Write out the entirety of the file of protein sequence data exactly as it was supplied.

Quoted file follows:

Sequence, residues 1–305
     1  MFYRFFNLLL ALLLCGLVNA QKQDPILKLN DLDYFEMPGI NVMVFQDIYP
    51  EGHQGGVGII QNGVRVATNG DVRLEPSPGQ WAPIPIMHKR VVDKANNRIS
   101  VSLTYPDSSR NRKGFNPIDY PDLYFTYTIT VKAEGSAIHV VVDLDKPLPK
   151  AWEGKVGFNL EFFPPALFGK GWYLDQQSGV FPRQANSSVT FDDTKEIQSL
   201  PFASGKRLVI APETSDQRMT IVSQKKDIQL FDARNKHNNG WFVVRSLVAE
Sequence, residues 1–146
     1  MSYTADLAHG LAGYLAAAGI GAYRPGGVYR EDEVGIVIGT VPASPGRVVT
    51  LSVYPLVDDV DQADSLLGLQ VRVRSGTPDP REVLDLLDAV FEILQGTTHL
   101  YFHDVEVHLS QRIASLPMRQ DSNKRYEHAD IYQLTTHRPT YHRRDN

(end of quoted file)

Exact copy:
Sequence, residues 1–305
     1  MFYRFFNLLL ALLLCGLVNA QKQDPILKLN DLDYFEMPGI NVMVFQDIYP
    51  EGHQGGVGII QNGVRVATNG DVRLEPSPGQ WAPIPIMHKR VVDKANNRIS
   101  VSLTYPDSSR NRKGFNPIDY PDLYFTYTIT VKAEGSAIHV VVDLDKPLPK
   151  AWEGKVGFNL EFFPPALFGK GWYLDQQSGV FPRQANSSVT FDDTKEIQSL
   201  PFASGKRLVI APETSDQRMT IVSQKKDIQL FDARNKHNNG WFVVRSLVAE
Sequence, residues 1–146
     1  MSYTADLAHG LAGYLAAAGI GAYRPGGVYR EDEVGIVIGT VPASPGRVVT
    51  LSVYPLVDDV DQADSLLGLQ VRVRSGTPDP REVLDLLDAV FEILQGTTHL
   101  YFHDVEVHLS QRIASLPMRQ DSNKRYEHAD IYQLTTHRPT YHRRDN